LATEST NEWS

Director Bong back with mother-son tale

By
  • Published : Mar 30, 2010 - 15:49
  • Updated : Mar 30, 2010 - 15:49
<**1>


Leading Korean filmmaker Bong Joon-ho expressed confidence in the artistic quality of his latest film "Mother," set to join the Un Certain Regard section of the Cannes film festival next month.
"When I looked at the lineup in the competition section at the Cannes film festival this year, I felt there was a clear limit for me to join the power list, but I`m confident about my new film`s artistic level," Bong told reporters at a news conference in Seoul on Monday.
language="JavaScript" src="/khjs/banner/article_340.js">
Bong`s failure to join the prestigious competition section at Cannes, however, does not mean he`s an outsider. After all, with "Mother" Bong has now been invited to Cannes for a third time, a recognition coveted by filmmakers around the world.
Kim Hye-ja, the veteran actress who plays the title role, said she`s relieved about the entry into the non-competition section of Cannes.
"I don`t like competition in the first place and I think it`s good that we are not competing with other films," she said.
Kim said that Bong provided her acting career with new impetus.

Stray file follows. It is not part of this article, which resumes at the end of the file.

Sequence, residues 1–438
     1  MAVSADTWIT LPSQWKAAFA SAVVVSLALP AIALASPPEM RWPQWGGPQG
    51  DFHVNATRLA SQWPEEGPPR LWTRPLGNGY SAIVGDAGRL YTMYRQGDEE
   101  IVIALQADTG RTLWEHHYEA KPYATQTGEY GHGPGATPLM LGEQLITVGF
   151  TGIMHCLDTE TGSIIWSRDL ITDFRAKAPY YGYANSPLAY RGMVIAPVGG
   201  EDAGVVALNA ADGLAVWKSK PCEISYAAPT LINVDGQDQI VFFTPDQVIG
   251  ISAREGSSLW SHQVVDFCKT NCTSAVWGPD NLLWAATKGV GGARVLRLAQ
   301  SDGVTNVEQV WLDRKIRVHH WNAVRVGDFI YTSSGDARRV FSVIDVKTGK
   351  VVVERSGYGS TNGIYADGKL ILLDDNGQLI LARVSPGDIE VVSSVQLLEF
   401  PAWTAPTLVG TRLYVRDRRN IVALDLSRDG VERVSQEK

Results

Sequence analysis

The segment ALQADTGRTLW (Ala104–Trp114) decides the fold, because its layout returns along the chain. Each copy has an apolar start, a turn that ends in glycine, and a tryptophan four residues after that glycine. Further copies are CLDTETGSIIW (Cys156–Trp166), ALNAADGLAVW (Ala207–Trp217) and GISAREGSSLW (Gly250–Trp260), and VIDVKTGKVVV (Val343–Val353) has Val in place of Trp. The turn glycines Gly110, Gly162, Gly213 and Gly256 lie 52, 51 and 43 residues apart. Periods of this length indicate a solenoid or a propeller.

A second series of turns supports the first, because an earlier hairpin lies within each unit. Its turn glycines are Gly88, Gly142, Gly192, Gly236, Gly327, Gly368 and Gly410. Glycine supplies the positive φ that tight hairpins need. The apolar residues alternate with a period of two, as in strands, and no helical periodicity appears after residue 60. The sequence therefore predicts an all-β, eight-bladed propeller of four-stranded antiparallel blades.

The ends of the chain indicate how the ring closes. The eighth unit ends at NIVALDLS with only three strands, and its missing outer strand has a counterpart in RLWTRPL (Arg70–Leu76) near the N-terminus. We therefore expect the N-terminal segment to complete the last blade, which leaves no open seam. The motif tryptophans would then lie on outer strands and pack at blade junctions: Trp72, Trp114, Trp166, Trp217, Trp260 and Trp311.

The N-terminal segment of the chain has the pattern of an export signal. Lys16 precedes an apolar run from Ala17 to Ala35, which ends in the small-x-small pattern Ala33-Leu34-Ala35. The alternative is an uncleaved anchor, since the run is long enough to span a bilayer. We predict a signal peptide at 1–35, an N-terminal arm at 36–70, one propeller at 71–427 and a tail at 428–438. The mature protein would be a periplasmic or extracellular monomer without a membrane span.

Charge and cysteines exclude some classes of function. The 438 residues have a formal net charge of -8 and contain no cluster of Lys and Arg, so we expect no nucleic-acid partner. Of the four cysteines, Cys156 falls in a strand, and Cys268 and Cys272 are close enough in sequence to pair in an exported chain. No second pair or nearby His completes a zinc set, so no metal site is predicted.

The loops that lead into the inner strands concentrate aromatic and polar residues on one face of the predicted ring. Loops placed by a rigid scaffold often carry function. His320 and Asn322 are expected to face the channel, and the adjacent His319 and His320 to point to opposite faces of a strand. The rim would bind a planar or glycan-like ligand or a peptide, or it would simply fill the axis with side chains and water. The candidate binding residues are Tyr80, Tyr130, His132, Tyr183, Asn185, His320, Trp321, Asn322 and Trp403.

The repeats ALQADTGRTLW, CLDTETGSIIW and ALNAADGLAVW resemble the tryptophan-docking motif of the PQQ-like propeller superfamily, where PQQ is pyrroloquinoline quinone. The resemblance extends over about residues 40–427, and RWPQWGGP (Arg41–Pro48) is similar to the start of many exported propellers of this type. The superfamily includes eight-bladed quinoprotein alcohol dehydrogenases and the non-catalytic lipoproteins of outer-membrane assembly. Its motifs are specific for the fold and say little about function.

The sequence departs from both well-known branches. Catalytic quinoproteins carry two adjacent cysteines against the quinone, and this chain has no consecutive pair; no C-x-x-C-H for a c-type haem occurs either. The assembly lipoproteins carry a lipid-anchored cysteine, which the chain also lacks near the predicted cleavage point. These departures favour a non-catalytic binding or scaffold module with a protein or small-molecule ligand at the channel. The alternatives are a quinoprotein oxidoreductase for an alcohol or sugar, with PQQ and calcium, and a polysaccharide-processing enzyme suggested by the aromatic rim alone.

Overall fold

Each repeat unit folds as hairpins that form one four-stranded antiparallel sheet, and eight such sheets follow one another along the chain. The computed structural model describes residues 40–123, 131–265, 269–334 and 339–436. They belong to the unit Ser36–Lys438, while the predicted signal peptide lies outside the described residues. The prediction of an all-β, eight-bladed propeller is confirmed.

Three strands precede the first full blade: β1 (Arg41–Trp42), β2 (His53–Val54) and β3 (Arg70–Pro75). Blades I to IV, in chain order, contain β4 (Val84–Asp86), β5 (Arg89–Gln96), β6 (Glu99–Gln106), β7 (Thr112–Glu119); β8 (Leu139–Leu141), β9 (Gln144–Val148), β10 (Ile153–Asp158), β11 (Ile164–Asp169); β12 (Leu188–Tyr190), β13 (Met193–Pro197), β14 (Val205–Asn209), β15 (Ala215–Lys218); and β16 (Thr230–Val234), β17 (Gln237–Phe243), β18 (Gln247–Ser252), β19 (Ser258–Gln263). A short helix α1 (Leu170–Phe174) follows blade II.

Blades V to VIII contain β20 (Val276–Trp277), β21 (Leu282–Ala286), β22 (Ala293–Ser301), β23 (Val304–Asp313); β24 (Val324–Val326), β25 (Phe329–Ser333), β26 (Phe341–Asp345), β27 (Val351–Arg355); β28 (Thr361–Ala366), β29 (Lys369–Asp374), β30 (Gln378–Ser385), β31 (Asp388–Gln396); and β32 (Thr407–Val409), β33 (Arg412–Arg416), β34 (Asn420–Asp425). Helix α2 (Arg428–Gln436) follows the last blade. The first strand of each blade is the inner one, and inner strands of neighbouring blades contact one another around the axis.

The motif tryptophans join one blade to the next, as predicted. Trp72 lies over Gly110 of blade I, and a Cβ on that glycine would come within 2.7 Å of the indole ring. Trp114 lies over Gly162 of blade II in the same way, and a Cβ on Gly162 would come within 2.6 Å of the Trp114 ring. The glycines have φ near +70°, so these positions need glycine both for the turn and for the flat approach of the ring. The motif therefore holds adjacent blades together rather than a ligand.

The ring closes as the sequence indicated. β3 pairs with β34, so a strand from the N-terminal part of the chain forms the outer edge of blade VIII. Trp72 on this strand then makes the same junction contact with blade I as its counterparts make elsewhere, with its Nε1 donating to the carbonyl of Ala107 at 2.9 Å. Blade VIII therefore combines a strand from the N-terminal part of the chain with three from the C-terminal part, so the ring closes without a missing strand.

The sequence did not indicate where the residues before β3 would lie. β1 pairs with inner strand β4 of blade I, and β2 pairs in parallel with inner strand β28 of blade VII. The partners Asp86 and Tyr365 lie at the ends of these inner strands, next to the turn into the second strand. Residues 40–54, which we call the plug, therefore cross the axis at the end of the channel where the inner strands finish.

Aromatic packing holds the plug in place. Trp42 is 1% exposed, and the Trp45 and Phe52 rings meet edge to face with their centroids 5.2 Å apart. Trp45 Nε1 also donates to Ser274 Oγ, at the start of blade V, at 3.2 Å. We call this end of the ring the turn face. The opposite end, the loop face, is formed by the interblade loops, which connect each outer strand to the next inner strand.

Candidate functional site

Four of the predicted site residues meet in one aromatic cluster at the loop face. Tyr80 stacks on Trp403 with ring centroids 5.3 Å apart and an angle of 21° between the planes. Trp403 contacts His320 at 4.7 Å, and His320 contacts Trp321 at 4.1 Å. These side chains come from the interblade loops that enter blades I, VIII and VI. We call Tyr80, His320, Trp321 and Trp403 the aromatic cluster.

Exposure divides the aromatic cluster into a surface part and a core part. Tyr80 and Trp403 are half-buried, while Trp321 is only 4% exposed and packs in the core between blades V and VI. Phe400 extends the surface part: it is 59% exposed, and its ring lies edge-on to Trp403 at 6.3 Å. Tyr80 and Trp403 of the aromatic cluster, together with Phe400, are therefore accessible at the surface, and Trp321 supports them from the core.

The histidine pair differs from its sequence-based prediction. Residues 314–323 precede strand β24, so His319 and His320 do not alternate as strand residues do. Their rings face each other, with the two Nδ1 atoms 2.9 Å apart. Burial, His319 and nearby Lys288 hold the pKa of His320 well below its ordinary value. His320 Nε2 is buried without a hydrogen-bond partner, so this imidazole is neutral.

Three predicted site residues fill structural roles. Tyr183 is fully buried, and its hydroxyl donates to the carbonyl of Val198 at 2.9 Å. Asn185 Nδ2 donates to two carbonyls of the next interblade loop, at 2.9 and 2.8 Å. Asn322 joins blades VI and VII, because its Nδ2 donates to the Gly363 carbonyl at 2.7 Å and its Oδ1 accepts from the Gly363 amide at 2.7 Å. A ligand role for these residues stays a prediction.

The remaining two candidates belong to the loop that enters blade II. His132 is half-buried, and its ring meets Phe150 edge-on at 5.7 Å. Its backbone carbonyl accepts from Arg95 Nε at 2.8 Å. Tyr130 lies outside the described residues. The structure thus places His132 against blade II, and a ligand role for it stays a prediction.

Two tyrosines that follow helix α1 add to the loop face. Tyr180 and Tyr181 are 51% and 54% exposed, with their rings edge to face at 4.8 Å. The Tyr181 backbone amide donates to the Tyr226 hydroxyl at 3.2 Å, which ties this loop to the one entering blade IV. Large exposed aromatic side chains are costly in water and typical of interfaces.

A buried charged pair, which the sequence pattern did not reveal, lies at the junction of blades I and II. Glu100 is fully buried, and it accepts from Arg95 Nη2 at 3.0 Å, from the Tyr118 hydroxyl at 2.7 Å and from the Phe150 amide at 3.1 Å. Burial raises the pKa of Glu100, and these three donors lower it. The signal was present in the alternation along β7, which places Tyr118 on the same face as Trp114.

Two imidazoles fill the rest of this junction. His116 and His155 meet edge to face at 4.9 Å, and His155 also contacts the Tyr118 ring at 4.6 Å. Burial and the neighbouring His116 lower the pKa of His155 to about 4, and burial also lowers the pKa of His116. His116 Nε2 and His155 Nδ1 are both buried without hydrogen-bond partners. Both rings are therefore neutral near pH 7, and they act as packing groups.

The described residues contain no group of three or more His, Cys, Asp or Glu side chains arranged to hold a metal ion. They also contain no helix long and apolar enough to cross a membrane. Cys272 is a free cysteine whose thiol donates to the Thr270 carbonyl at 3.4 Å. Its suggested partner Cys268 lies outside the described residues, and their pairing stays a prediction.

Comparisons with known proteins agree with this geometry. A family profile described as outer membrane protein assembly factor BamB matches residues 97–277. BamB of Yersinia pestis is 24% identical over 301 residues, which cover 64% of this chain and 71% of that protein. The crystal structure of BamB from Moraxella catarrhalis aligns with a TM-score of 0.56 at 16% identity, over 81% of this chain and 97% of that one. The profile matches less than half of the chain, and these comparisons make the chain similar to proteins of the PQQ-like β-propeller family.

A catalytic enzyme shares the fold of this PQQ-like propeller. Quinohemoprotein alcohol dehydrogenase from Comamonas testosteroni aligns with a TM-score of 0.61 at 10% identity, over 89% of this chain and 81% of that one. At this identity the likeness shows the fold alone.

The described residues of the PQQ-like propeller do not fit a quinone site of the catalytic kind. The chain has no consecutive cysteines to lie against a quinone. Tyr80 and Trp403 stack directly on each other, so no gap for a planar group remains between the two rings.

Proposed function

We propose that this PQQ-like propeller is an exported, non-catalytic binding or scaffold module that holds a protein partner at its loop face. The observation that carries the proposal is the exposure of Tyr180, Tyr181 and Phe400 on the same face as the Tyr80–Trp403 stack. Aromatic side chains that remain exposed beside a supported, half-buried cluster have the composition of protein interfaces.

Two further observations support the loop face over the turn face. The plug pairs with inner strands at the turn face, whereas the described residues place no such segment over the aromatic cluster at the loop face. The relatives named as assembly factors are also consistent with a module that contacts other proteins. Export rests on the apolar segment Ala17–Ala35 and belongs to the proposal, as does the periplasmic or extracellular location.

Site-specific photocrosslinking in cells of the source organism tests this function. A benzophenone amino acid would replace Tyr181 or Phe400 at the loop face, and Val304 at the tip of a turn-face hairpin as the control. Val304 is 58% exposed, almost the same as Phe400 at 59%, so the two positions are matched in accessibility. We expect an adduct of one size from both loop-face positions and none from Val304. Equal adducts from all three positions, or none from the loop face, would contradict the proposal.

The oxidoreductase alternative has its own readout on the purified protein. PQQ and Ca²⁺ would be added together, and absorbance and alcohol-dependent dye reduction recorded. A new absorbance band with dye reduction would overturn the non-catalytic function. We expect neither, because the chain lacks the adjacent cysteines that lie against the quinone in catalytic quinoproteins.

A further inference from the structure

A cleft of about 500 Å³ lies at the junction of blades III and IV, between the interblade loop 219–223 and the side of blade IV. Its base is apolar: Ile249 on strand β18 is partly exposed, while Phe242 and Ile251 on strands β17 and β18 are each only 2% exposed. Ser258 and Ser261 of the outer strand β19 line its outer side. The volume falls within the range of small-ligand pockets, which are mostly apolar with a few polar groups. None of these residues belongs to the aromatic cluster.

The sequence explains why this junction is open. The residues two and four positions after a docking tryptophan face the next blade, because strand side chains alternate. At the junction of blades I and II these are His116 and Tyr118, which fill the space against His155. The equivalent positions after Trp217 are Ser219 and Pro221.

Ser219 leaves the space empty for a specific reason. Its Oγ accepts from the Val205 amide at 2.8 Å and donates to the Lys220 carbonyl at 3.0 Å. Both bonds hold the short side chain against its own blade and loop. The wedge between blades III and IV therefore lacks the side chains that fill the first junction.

"He helped me reactivate all the cells that have been dormant in my body," Kim said. "I ran a lot for the film, even when it was raining, but I didn`t feel any fatigue because that`s what I was supposed to do for the role."
Kim is widely regarded for acting skills closely related to the traditional image of a Korean mother. As she has enhanced this image by appearing as a parent in many television dramas, Bong said he would have given up the project if Kim did not accept his offer to play the main role.
Bong said Won Bin, who plays Kim Hye-ja`s son in the film, performed even better than expected.
"When I met Won Bin for the first time, I noticed he has innocent eyes - eyes that are perfect for the son character. Although he looks innocent, he was very eager to push the limit and top expectations at the shooting," Bong said.
The young actor returns to Korean cinema in five years after his high-profile role in "Taegukgi," the 2004 Korean War blockbuster.
In the film, a mother lives alone with her 28-year-old son. Their life turns upside down when the young man is implicated in a murder case. Despite there being no credible evidence against him, he is implicated by the police, forcing his mother to do whatever she can to prove his innocence.
By Yang Sung-jin

(insight@heraldcorp.com)